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Study takes major step in pursuit of HIV cure

Study takes major step in pursuit of HIV cure

Researchers have taken a major step forward in the pursuit of an HIV cure, by successfully eliminating the virus from the cells of living animals for the first time.

The study, conducted by a team at the University of Nebraska Medical Center, saw the virus completely removed from the cells of infected mice, using a new approach that could potentially be translated to humans.

While there is still some way to go before this approach can be used in people, the study represents a significant milestone in the search for an HIV cure.

current antiretroviral therapy can keep the virus suppressed, but it does not eliminate it from the body. This means that people living with HIV must take medication for the rest of their lives, and are still at risk of the virus reactivating and causing disease.

A cure for HIV would therefore be a major breakthrough, and this new study offers a potential way to achieve this.

The approach used in the study involves genetically modifying a patient’s own immune cells, so that they are resistant to HIV infection. These modified cells are then transplanted back into the patient, where they can help to fight the virus.

In the current study, the team transplanted these modified cells into mice that had been infected with HIV. They found that, over time, the virus was completely removed from the cells of these mice, and they remained healthy.

Importantly, the researchers also found that the transplanted cells were able to pass their HIV-resistance on to other, non-modified cells, meaning that the virus could potentially be eliminated from the entire body.

While this is an exciting result, it is important to remember that it is still early days, and this approach will need to be tested in human clinical trials before it can be used to treat patients.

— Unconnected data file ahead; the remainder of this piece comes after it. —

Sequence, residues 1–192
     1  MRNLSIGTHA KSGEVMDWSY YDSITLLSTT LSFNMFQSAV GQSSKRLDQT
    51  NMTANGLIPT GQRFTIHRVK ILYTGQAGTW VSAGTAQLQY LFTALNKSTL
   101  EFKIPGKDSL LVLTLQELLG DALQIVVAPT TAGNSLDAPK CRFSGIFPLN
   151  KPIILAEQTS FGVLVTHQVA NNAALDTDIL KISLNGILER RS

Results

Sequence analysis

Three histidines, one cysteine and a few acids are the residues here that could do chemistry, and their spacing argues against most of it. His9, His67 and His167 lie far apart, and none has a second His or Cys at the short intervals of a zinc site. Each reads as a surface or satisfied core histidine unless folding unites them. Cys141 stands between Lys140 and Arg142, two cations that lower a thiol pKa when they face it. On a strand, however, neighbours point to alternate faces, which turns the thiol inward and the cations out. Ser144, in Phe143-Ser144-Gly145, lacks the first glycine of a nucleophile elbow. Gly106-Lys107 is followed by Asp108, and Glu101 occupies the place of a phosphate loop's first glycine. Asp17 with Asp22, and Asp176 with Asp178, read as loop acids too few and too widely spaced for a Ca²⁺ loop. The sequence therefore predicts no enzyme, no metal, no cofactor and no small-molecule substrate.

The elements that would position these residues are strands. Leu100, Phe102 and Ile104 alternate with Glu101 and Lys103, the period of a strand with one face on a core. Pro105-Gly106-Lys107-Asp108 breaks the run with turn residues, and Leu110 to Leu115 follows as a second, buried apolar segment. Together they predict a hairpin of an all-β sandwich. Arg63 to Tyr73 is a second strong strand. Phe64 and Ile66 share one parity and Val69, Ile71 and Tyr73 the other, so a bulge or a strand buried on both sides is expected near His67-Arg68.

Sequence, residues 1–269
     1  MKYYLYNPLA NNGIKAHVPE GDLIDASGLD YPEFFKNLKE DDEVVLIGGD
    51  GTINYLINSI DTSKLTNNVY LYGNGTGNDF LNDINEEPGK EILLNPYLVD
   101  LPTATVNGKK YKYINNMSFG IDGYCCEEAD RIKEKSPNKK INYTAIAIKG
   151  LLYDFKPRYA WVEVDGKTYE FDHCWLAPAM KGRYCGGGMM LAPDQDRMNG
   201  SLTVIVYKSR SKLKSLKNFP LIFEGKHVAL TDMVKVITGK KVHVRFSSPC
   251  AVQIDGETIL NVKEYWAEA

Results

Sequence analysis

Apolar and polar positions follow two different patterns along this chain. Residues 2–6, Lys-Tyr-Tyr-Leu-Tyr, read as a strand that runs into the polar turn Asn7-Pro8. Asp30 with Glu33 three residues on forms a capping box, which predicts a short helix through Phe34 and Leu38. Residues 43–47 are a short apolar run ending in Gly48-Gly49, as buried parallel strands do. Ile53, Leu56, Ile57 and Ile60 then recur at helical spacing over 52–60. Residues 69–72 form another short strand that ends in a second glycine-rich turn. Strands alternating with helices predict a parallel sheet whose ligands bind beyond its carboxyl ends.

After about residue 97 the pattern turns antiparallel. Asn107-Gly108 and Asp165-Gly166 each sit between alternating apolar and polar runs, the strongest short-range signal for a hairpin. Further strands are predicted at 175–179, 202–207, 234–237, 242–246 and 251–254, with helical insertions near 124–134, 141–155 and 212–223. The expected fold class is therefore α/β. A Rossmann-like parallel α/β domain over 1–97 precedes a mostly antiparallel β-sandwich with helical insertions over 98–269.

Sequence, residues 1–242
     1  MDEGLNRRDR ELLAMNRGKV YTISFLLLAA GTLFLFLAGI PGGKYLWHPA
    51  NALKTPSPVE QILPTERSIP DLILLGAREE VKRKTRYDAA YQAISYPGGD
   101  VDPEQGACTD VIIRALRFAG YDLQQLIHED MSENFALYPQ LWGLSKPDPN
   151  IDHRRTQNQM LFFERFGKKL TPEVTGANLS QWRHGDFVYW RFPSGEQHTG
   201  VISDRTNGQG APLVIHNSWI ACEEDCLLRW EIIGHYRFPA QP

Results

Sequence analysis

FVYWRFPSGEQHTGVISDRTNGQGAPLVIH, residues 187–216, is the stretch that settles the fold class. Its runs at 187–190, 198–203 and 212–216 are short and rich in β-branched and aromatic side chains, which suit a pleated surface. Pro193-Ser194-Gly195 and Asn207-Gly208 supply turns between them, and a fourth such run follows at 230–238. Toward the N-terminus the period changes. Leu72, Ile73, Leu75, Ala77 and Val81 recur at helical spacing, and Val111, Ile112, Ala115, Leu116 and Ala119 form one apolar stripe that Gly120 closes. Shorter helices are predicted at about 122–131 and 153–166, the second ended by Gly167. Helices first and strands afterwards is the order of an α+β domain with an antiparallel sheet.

Nevertheless, the study represents a major step forward in the pursuit of an HIV cure, and offers hope that a real possibility of a cure may one day be within reach.

In the three decades since the human immunodeficiency virus (HIV) was first identified, considerable progress has been made in developing treatments that can keep infected people alive and healthy. But a cure for HIV—one that completely eliminates the virus from the body—has proven elusive. Now, a new study reports a major advance toward that goal.

The research, published in the journal Nature, describes the case of a patient who was treated with a combination of three anti-HIV drugs and then experienced long-term remission of the virus. This is the first time that such a long period of HIV remission has been observed in a patient who has not undergone a stem cell transplant—a procedure that is not practical or possible for most people with HIV.

“This represents a proof of concept that HIV can be potentially cured,” says lead author Ravindra Gupta, a professor of infectious diseases at University College London.

The patient in question is a man in his mid-40s who was diagnosed with HIV in 2003. He began treatment with antiretroviral therapy (ART) in 2012. In 2016, he underwent surgery for a cancerous tumor in his kidney and, as part of his treatment, received a course of radiation therapy that depleted his immune cells.

After his cancer treatment was completed, the man’s HIV resurfaced. He then underwent a second, more intense course of ART that included the drugs dolutegravir and cabotegravir, in addition to the drug he had been taking previously. This triple-drug regimen was able to suppress the virus to undetectable levels in his blood.

Importantly, the patient was able to maintain an undetectable viral load for more than two years after stopping treatment. This is the longest period of time that HIV remission has been observed in a patient who has not undergone a stem cell transplant.

While the findings are preliminary and much more research is needed, they offer hope that a cure for HIV may one day be possible. “This is a potentially major step forward,” says Anthony Fauci, director of the National Institute of Allergy and Infectious Diseases (NIAID), which helped fund the study. “I think it’s worth further investigation.”

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